Digital Gear: Android tablets charge ahead

As users eagerly await tablets from companies like Apple and Microsoft, Fusion Garage jumped ahead with the demonstration of JooJoo, a handheld Internet and entertainment gadget with a 12.1-inch touch screen. Tablets are a new category of handheld devices with large screens for users to surf the Web and watch videos. JooJoo is due for release in a few months but could be held if a lawsuit is filed by TechCrunch, which originally partnered with Fusion Garage to develop the device under the name Crunchpad.

Meanwhile, a number of other tablets that double as video players, e-book readers or even alarm clocks are already available for order. These devices have touch screens from 4 inches to 15 inches and can sit on tables or be carried in the hand. Some tablets from companies like Camangi, Archos and Innovative Converged Devices include Google's Android OS and run on fast chips designed by Arm.

Camangi WebStation

Camangi is now taking orders for its WebStation tablet, which is designed to mainly run Web applications. The device also functions as a digital picture frame, music player and e-book reader. A number of programs can be downloaded from the company's application store for users to run productivity software or indulge in casual gaming.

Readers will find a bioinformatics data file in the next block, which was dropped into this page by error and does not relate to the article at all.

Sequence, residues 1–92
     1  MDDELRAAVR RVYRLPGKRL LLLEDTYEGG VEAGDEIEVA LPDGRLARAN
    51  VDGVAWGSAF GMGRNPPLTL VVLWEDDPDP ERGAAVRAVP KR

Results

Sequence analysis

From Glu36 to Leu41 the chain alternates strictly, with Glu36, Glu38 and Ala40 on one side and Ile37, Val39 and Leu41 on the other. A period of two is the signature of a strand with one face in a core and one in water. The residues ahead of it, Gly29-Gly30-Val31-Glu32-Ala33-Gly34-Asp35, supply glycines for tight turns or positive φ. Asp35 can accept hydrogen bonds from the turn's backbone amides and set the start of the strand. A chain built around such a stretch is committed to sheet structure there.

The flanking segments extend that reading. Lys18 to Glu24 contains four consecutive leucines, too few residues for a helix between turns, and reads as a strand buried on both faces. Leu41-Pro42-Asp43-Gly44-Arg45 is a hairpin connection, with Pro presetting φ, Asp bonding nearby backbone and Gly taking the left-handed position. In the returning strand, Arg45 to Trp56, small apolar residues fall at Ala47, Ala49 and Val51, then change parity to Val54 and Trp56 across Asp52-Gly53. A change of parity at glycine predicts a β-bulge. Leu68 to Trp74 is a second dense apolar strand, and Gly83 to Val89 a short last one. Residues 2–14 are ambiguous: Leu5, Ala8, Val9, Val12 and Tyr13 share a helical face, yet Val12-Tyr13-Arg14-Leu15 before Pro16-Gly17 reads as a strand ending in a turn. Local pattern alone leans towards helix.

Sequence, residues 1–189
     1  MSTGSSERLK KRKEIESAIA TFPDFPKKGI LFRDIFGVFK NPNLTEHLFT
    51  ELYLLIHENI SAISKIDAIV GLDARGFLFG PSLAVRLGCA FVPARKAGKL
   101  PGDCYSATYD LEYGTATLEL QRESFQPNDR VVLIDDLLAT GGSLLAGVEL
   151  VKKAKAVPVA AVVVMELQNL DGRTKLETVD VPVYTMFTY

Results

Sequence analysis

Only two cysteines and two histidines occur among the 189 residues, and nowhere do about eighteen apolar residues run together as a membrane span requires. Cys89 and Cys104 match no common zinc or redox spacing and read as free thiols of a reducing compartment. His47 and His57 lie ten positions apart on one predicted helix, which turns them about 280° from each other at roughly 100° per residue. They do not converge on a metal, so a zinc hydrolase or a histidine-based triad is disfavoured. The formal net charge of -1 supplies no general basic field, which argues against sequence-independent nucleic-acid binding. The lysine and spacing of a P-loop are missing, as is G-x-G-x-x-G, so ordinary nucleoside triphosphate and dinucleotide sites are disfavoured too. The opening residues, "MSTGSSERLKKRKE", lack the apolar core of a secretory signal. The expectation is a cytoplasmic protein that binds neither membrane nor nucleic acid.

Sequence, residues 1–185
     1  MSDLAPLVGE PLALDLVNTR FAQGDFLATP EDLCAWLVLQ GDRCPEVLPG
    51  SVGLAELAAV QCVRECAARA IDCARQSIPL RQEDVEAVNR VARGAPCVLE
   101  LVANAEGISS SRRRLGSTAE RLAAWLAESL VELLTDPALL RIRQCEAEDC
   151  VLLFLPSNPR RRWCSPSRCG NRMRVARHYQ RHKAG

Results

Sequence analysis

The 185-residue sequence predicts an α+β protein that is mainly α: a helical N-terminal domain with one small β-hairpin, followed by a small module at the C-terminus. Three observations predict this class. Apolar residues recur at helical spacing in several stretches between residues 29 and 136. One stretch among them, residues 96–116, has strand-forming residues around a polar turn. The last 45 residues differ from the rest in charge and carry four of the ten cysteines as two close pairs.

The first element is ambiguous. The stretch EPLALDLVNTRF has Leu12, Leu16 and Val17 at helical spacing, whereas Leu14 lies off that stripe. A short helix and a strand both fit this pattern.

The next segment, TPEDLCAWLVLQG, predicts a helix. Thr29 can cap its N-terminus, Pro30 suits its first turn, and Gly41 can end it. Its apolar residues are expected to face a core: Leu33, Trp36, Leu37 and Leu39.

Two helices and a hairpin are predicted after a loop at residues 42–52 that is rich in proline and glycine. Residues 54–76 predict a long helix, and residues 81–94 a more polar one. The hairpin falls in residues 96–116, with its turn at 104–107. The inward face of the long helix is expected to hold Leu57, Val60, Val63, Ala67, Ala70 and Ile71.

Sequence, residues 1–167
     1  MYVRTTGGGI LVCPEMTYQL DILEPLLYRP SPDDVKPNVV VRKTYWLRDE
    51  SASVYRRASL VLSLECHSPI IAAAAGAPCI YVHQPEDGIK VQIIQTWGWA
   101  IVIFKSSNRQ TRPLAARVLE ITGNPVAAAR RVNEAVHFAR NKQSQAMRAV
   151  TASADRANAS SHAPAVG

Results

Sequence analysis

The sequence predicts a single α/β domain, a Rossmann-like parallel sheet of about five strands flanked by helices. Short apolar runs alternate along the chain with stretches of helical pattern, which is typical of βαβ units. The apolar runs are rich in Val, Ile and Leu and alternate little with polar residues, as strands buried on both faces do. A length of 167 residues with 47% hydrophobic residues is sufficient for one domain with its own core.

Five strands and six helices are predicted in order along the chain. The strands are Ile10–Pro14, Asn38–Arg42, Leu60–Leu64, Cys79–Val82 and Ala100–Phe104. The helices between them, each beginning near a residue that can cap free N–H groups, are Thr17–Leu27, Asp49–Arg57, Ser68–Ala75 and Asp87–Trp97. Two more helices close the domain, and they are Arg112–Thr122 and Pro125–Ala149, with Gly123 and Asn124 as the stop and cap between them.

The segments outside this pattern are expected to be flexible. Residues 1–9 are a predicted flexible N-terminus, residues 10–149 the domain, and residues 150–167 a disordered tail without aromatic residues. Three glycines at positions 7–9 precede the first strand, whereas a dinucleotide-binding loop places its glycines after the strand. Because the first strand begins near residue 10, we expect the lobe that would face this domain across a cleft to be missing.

Built on the Android OS, the tablet includes Wi-Fi 802.11 b/g connectivity for Internet access and has a browser from which users can access sites. It includes a 7-inch touch screen that can display images at a resolution of 800 pixels by 480 pixels. It weighs just 13.75 ounces (390 grams), so the device can be easily moved around. It measures 4.72 inches (120 millimeters) in height, 7.87 inches (200mm) in width and 0.57 inches (14.5 mm) in depth. The device includes a lithium-polymer battery that gives it a run time of up to five hours when using the Internet.

The device also includes a MicroSD card slot for data storage, and it is powered by the Marvell PXA303 processor running at 624MHz. It is priced at US$399 and is available for preorder on Camangi's Web site.

Archos' tablets

Archos is known for its personal multimedia players, but it is now focusing on bringing entertainment and communications capabilities to its next generation of portable devices. One such device is the versatile Archos 5 Internet Media Tablet, which is somewhat like a handheld Tivo. The gadget is not only capable of surfing the Web, but also of recording and playing back video or broadcast TV. The device has wireless connectivity for users to watch streaming video from Internet sites like Netflix on TV sets.

The device has a 4.8-inch touch screen that can play back video in a 720p resolution. The device supports MPEG and WMV video files and a number of audio file formats. It comes with built-in Wi-Fi b/g to connect to the Internet.

The tablet has an internal hard drive capacity of up to 250GB and comes with an optional DVR Station that aids in recording and transferring TV programs. The DVR Station includes the ports needed to bring TV programs to the device, including HDMI (high-definition multimedia interface), composite and S-video outputs. The tablet can act as a Wi-Fi receiver, allowing users to surf the Web on the TV.

Running Google's Android OS, the Media Tablet includes a powerful Arm Cortex chip that is capable of running high-definition video. Applications that are downloadable from Archos' store add gaming capabilities to the device. The tablet is available for $250 on Archos' Web site.